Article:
***

“When the jaguar runs, it hunts prey. He is a creature of efficiency and purpose. His focus is on what he must do. If stalking, he creeps. When chasing, he runs. His shoulders lead his forward movement and his sense of self confines itself to the tight wire of his spine. Usually the sense of self is where his skull meets his neck, but it can be anywhere. He is balance incarnate and can easily switch his awareness from the right to the left. With that, he maintains balance. That movement is connected to his shoulders and eyes. Remember that the sense of self is separate from awareness.”

His words confused me and I began to ask him to explain.

The Balam Ch’ab told me that only action could resolve my questions and he demonstrated the actions I should perform on the wall. “For now, you must tuck your feet behind you, so they rest on the wall.” He pulled his legs up and rested the front of his feet on the rounded edge, soles to the sky. What I thought was a carved line of adornment in the wall was a ridge that was three hand-lengths from the top of the wall. The Balam Ch’ab put his hands on the line and pulled himself forward, going counterclockwise on the wall.

I ran along the perimeter path beside him while he used his hands to slide along the wall. The training camp was enormous. We passed a stream twice that flowed in and out of the camp through a shallow hole in the wall. The rest was trees, pasture and gardens. It resembled the estate I shared with Maricua, my sister.

When the Balam Ch’ab completed his circuit around the camp, he did not appear out of breath. His ride ended at the other side of the ladder. I was anxious to get up and try it. I waited for him to climb back down.

Instead, he sat up and said, “One of the most important things for the transformation is the knowledge of where the jaguar’s sense of self resides. As men, we feel that our sense of self is often dependent upon a line that is vertical. We are upright beings. The jaguar is not, it is a horizontal creature. It parallels the ground. We are earth to sky; he is earth to earth in forward motion.”

He climbed down from the ladder and came to where I stood. “All right, Zaki. You need to get up there and position yourself the same as I showed you. Remember to tuck your feet up on the back.”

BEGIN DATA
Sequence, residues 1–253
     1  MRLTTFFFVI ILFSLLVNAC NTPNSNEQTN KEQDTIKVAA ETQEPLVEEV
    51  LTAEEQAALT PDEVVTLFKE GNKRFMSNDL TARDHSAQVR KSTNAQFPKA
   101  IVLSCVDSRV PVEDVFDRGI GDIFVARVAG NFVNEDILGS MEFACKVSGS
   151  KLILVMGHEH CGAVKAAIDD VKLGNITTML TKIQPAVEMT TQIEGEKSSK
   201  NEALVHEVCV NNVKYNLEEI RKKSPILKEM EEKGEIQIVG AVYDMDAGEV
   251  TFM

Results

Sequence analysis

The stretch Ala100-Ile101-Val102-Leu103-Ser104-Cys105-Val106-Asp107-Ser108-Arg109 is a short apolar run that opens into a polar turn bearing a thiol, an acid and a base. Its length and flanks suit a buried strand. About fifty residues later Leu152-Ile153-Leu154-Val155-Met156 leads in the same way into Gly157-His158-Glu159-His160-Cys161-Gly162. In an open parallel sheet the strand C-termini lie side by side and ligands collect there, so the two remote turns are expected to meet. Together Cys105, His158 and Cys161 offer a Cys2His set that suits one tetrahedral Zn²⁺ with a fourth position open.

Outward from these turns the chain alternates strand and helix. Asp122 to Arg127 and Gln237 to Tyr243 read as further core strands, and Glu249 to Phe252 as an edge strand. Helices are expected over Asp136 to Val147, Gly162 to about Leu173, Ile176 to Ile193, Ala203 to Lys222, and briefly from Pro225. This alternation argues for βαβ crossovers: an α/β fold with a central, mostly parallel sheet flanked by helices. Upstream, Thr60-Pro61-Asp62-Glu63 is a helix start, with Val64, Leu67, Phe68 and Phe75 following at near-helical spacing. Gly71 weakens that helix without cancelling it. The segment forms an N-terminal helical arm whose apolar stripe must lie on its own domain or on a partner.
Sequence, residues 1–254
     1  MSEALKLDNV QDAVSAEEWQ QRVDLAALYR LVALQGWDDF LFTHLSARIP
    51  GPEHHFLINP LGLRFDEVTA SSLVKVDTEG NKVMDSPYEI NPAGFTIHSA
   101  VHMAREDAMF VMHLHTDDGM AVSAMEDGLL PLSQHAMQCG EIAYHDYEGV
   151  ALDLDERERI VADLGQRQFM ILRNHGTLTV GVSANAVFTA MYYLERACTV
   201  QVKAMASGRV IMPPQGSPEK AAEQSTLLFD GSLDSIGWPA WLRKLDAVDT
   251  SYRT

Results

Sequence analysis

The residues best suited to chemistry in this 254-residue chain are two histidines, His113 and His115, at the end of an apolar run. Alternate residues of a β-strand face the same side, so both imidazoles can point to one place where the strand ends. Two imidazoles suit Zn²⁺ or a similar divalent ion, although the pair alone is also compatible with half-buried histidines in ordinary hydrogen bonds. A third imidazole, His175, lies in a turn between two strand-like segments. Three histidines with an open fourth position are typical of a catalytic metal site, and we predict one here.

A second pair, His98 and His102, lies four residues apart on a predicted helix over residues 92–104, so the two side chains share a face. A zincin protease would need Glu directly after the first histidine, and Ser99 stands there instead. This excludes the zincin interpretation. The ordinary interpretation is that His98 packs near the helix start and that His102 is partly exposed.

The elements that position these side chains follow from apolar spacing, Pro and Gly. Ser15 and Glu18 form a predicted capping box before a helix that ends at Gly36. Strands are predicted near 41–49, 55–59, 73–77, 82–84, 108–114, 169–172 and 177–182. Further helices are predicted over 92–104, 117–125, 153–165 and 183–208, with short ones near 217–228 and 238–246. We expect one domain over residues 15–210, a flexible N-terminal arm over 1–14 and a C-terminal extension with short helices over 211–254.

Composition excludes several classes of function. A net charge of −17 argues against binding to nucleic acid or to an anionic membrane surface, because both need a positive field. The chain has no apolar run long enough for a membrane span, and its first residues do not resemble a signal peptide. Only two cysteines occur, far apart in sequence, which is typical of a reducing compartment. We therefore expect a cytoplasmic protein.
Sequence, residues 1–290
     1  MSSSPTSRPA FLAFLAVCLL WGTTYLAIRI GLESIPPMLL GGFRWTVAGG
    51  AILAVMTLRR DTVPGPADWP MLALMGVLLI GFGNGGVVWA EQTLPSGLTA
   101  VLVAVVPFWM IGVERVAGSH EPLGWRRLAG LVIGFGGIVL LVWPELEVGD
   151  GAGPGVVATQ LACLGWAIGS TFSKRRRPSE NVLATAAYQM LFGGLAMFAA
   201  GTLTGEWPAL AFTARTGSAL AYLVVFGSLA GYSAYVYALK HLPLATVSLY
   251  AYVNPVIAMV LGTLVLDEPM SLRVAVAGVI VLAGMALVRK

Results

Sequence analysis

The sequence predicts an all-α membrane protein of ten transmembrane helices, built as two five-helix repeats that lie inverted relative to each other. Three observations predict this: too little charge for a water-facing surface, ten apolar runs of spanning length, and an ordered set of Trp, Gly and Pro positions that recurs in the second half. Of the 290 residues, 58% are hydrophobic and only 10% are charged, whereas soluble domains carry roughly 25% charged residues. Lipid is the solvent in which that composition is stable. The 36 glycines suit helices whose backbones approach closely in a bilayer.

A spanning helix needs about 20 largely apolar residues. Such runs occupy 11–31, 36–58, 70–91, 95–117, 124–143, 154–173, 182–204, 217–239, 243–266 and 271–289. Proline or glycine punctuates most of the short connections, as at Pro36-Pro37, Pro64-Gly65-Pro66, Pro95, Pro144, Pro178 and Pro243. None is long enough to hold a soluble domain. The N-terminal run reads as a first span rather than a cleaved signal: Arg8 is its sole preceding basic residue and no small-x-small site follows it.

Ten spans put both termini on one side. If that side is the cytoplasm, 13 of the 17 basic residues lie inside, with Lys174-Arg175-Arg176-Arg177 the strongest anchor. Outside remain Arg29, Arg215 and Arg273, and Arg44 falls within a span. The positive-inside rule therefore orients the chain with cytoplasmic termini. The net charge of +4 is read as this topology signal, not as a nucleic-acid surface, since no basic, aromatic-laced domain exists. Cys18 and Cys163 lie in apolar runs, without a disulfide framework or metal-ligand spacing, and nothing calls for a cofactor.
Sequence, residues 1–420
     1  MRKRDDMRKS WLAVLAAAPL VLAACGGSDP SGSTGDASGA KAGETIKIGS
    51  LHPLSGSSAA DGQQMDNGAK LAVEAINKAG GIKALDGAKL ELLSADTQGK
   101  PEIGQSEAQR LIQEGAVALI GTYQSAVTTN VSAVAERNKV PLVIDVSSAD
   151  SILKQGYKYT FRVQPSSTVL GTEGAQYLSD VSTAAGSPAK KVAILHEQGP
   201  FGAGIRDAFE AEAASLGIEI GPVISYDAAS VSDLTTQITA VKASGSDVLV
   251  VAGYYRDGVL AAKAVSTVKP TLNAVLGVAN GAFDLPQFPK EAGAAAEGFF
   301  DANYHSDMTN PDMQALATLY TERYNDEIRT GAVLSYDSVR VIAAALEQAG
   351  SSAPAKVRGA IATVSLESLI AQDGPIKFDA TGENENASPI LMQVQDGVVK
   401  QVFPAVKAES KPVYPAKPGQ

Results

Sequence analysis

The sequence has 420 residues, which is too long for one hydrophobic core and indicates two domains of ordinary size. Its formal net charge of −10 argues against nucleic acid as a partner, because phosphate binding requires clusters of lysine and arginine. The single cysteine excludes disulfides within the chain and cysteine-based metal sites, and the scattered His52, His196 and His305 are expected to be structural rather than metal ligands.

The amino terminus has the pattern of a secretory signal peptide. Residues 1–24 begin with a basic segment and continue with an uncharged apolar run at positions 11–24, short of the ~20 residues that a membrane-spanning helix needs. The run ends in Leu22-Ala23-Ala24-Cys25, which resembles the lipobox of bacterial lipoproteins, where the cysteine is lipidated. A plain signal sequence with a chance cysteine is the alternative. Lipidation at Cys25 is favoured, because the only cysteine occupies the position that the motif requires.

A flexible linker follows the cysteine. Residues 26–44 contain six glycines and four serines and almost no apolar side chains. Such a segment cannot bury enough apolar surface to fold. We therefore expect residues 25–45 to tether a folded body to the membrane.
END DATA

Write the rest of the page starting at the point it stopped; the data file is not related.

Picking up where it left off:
I climbed the ladder as quickly as possible and positioned myself. It was a relief to discover that the line for the hands was at a comfortable distance for me. He decided that I needed to apply some lard to the front of my feet to avoid blisters. From a small pouch hanging from the ladder, he found some lard and applied it to my feet. I was ready to go and almost pushed off, when he grabbed my ankle and held me there.

I wanted to get going, but he wanted to bore me with more talk about the jaguar’s sense of self.

He crouched down, resting on his haunches, and drew a straight dotted line in the sand of the perimeter walk. There was an arrow at one point. Next, he drew an inverted arrow, a vee, whose point originated midway along the dotted line. The ends of the vee extended a small bit from the end of the line with the arrow.

He stood up, brushing dirt from his hands. With his toe, he pointed at the dotted line and said, “This is the spine and tail of the jaguar.” The arrow indicated the advancing movement of the jaguar. The vee was a difficult concept for me to grasp.

“Always,” the Balam Ch’ab said, “the two separate lines of the vee flow from the origin of the spine. Physically, they attach to the shoulders of the jaguar. The jaguar leads with its shoulders. Watch Chahel sometime and you will see the truth of my words. Even when she walks in that languid way of hers, she leads with her shoulders. The difficult thing is to keep in mind that the awareness attaches to the movement of the shoulders and alternates with the shoulders. Right, front and back while the left does the same. The sense of self shifts slightly, though not as largely as the sense of awareness shifts. It will feel as though it is moving in a half circle. Its forward motion balances at the spine. When the cat runs, the balance can be anywhere along the spine.”